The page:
Endurance training against heart attack
Regular endurance training is an important pillar of heart attack prevention, even if you've already had a heart attack. It strengthens the muscles, promotes blood circulation in the heart, helps to reduce weight and blood sugar and can also entice people to do joint activities and be fun in cardiac sports groups!
As a guide, you can start by doing half an hour of endurance training several times a week (3 - 5 times). This includes hiking, jogging, Nordic walking, cycling, swimming, aqua aerobics, rowing or skiing. Of course, the choice of sport depends on any illnesses you may have, such as osteoarthritis of the knee joint. Many of these activities can be carried out in gyms even in bad weather. Health insurance companies often support such projects and can help find suitable training locations. Before you start exercising seriously and regularly, an examination by your doctor is recommended.
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Diet to prevent heart attack
One of the most important measures to prevent heart attacks is a healthy diet. One of the main reasons why heart attacks are so prevalent in Western society is our fatty and meaty diet, which increases blood cholesterol levels. However, a distinction must be made here between "good" HDL cholesterol and "bad" LDL cholesterol. The former has a very positive effect on our fat metabolism and the condition of our blood vessels and can be increased in a targeted manner by consuming more vegetable oils instead of animal fats. Olive oil in particular is an important basis for a heart-friendly diet, as it is rich in unsaturated fatty acids. The best-known representative of unsaturated fatty acids is probably the much-advertised omega-3 fatty acid. Palm and coconut oils, on the other hand, are not recommended, although they are vegetable. Fish also contains a lot of unsaturated fatty acids.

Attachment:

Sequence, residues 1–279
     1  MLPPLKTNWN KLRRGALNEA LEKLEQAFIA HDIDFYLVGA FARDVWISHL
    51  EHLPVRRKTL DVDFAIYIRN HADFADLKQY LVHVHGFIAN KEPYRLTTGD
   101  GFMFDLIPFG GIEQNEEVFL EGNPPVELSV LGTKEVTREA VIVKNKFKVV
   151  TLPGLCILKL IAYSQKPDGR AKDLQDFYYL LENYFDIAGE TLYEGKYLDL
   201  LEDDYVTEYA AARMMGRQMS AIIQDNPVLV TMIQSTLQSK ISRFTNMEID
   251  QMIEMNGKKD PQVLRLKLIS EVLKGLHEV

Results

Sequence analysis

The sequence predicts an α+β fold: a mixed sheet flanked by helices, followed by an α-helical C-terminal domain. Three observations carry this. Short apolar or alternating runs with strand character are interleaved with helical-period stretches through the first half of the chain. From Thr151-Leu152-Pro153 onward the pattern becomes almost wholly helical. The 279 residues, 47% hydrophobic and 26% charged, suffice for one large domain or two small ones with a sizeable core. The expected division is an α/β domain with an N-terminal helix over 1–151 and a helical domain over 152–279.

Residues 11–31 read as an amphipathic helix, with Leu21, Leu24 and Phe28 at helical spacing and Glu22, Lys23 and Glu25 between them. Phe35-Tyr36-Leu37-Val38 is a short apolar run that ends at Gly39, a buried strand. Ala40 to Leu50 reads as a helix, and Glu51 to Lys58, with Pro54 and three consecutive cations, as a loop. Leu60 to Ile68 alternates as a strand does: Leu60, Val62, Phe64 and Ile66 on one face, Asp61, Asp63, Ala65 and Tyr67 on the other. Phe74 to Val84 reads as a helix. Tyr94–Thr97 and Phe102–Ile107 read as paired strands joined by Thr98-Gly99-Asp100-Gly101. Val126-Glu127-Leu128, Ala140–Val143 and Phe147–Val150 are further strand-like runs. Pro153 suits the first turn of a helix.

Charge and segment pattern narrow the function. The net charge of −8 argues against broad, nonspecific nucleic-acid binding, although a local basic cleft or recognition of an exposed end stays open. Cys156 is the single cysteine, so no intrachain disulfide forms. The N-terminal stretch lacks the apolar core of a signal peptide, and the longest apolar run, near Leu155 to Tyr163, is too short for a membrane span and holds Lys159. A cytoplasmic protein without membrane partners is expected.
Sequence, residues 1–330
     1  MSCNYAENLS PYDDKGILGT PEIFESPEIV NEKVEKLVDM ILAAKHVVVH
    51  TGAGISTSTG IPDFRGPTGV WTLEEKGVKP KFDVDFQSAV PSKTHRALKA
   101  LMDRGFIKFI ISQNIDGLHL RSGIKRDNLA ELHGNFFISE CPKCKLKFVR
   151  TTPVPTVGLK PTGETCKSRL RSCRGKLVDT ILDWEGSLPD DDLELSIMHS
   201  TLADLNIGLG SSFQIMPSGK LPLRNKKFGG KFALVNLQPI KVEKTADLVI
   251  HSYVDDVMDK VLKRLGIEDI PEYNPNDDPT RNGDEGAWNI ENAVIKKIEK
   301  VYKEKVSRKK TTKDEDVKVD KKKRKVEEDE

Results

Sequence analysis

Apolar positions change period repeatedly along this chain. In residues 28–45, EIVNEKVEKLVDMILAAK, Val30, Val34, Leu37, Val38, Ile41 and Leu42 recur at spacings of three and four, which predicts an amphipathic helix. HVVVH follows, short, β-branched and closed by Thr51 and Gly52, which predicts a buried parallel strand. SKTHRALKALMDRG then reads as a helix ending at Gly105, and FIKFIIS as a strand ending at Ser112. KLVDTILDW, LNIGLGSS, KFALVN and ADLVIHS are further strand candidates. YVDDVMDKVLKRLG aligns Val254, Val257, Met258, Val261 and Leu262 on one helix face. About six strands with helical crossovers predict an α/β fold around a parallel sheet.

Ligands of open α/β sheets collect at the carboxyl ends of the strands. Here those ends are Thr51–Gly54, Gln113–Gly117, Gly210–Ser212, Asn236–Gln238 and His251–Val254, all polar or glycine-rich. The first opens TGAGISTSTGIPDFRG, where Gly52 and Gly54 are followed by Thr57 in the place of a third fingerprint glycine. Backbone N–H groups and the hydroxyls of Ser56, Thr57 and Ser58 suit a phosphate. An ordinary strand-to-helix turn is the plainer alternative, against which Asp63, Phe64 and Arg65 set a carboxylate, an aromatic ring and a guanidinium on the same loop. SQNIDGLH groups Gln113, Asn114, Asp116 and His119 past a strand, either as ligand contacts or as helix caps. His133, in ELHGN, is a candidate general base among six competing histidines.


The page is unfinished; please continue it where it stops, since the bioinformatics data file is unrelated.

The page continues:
LDL cholesterol, on the other hand, is usually increased when a lot of meat and eggs are eaten. A permanently increased blood LDL level results in "vascular calcification" (arteriosclerosis), which leads to a narrowing of the diameter of the blood vessels and thus increases the likelihood of a heart attack. In addition, the general rules of a balanced diet apply to a heart attack preventive diet. Above all, the copious consumption of high-fiber foods such as vegetables and fruit should be mentioned.